Concerning Figs. 1 and 6, the choice of n when forming the nyear MIR rolling averages is, in part, somewhat arbitrary. However, as n increases, further investigations (not included here) show that the emerging age patterns in the MIR become sharper in focus and display greater consistency. In addition, the patterns of tightly packed MIR age profiles (lower right panel Fig. 6) are found to extend backwards in time over the best part of the last half century before breaking up. This feature is broadly supported by the equivalent details of Fig. 1 which extends backwards in time much further.
The same mathematical formula connecting the two alternative MIR statistics of Sect. 2 continues to apply when the statistics are redefined from the cohort, as opposed to period perspective, to read as follows:
Statistic I: \(\tilde{y}_{xt} = \frac{{  \Delta_{s} m_{x,t} }}{{{{\left( {m_{x  1,t  1} + m_{x,t} } \right)} \mathord{\left/ {\vphantom {{\left( {m_{x  1,t  1} + m_{x,t} } \right)} 2}} \right. \kern\nulldelimiterspace} 2}}} = 2\frac{{\left( {1  {{m_{x,t} } \mathord{\left/ {\vphantom {{m_{x,t} } {m_{x  1,t  1} }}} \right. \kern\nulldelimiterspace} {m_{x  1,t  1} }}} \right)}}{{\left( {1 + {{m_{x,t} } \mathord{\left/ {\vphantom {{m_{x,t} } {m_{x  1,t  1} }}} \right. \kern\nulldelimiterspace} {m_{x  1,t  1} }}} \right)}}\), and
Statistics II: \(\tilde{z}_{xt} = \Delta_{s} \log m_{x,t} = \log m_{x,t}  \log m_{x  1,t  1}\).
See Haberman and Renshaw [7] for application of the former approach.
While noting that Schinzinger et al. [18] use a different predictor structure, which is multiplicative bilinear as opposed to our additive linear structure, both approaches assume Normal MIR random variables. Of particular relevance, we refer to the Centre Right panel of their Fig. 6.1 in which the annual ageaggregated empirical MIR, based on ages 21–100, for periods 1971–2011 are depicted for UK males (and females).
Using our slightly shorter version of the data, and the MIR Statistic II in common with Schinzinger et al. [18], the same results (males only), for the overlapping periods 1971–2009, are reproduced in the Upper Left panel of Fig. 19. In addition, a scatterplot of the timeadjacent ageaggregated MIR is depicted in the Upper Right panel, to illustrate the degree and nature of the correlation between these two measures, as discussed in Sect. 6.1 of Schinzinger et al. [18]. The equivalent results using the MIR Statistic I are depicted in the two Lower panels of Fig. 19. The comparison of matching upper and lower left panels reveals that the one is the mirror image, in the xaxis, of the other, for reasons given in Sect. 2; while the upwards trend in the pattern in the lower left panel accurately portrays the improvement.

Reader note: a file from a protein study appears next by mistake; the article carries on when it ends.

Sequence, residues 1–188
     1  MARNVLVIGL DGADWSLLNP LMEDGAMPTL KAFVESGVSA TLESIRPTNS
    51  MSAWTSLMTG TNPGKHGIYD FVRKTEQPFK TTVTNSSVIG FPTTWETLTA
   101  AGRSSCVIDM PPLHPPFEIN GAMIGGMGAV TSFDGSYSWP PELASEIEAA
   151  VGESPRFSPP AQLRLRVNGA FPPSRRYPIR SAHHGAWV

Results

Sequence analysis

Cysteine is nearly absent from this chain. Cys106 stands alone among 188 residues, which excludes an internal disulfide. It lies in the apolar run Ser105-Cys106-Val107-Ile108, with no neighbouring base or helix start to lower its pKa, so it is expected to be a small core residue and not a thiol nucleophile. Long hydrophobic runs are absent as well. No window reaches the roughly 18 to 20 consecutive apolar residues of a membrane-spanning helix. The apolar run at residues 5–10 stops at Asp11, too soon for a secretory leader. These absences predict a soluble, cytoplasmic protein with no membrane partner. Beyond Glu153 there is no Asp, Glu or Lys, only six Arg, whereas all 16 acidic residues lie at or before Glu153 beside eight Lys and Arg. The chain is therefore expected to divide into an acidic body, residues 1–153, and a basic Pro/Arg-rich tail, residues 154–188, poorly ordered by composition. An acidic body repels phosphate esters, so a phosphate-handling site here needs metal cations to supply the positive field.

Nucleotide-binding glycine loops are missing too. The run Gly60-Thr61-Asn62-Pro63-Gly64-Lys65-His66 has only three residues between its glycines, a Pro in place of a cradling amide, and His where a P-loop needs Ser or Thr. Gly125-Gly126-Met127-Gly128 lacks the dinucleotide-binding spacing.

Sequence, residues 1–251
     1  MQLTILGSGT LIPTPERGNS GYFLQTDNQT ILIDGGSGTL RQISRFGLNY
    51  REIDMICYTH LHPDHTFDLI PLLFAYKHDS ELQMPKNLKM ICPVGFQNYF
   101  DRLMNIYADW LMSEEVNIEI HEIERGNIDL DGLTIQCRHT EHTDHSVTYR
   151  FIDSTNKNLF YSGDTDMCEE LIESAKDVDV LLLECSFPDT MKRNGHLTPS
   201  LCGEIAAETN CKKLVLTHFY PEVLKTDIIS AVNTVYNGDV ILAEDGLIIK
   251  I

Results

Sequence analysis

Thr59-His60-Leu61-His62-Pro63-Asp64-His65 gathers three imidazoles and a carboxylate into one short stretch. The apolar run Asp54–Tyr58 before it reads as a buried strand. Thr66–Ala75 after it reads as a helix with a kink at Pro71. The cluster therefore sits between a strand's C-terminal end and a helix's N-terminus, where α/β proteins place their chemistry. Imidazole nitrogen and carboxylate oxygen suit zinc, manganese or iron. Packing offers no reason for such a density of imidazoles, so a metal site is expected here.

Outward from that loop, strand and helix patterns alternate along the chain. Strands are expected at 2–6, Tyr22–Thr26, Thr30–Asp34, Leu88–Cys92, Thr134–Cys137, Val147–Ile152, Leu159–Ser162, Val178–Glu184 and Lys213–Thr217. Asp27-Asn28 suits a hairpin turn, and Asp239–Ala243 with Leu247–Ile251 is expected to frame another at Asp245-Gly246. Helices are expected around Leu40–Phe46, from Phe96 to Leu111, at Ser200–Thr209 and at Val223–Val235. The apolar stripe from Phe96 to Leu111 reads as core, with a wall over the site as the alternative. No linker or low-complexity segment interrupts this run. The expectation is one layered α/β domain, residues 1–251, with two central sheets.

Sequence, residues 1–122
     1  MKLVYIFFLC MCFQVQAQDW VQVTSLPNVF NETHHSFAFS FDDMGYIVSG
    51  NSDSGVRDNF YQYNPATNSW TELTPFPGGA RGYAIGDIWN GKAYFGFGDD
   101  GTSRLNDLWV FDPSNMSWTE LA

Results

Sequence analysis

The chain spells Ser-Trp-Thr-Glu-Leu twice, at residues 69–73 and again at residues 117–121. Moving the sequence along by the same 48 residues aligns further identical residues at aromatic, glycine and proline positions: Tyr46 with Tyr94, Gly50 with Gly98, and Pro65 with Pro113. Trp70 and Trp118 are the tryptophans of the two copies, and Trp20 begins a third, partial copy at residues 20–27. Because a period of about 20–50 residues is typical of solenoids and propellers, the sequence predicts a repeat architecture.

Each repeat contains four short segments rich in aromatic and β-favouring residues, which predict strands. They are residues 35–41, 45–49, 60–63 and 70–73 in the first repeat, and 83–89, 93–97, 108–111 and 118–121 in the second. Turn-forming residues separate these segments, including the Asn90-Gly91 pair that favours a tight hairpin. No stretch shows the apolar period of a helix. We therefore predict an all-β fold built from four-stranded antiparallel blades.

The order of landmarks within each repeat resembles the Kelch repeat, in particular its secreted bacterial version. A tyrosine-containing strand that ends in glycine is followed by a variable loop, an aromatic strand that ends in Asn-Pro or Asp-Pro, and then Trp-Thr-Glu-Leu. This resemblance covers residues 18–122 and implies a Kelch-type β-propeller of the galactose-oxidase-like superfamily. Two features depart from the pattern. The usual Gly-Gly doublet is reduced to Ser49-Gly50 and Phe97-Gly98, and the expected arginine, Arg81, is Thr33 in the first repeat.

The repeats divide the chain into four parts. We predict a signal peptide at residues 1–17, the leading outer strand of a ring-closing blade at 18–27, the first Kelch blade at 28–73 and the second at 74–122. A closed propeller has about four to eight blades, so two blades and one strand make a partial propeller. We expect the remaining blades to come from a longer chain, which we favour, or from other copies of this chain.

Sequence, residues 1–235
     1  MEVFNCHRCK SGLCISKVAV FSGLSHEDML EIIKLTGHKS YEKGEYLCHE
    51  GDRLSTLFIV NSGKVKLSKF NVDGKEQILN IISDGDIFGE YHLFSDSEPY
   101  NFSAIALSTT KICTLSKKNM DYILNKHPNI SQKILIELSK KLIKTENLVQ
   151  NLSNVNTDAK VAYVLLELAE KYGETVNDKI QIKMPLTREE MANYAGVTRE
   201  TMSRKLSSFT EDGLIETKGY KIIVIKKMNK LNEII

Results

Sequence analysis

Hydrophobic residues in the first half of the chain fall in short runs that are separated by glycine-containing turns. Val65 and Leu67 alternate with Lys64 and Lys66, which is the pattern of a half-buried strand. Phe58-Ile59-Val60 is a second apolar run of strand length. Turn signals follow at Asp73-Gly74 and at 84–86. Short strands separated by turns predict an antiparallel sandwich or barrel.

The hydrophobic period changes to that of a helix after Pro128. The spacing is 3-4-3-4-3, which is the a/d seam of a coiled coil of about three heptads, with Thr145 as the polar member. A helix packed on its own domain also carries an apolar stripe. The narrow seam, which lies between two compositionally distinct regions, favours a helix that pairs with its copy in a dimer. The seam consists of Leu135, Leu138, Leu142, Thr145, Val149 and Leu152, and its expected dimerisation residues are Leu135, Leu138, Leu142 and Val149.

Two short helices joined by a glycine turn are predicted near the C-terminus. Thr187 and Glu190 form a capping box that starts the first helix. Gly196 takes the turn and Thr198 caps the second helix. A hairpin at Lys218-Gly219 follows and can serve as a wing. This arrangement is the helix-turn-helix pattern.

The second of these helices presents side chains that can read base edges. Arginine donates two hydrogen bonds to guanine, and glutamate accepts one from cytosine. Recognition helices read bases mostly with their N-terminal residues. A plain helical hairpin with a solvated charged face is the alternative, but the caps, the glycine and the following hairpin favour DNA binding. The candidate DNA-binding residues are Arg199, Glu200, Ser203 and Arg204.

Denuit and Trufin [4] provide a further interesting example of a HGLM with random effects period component, without classifying it as such. Thus, as a means of projecting a regulatory life table, an exponential decline model
subject to stipulated constraints is formulated, in which the mortality rates \(m_{x,t}\) are subjected to a sequence of annual random shocks \(\Lambda_{t}\). Thus
with loglink, so that
where the first term on the RHS is treated as an offset \(\log \hat{m}_{x,t  i}\), the next two fixed effects terms are estimated, and the final term \(v_{t} = \log \Lambda_{t}\) is modelled as a normal random effects variable (so that \(\Lambda_{t}\) has the lognormal distribution); with estimates subject to the stipulated constraints.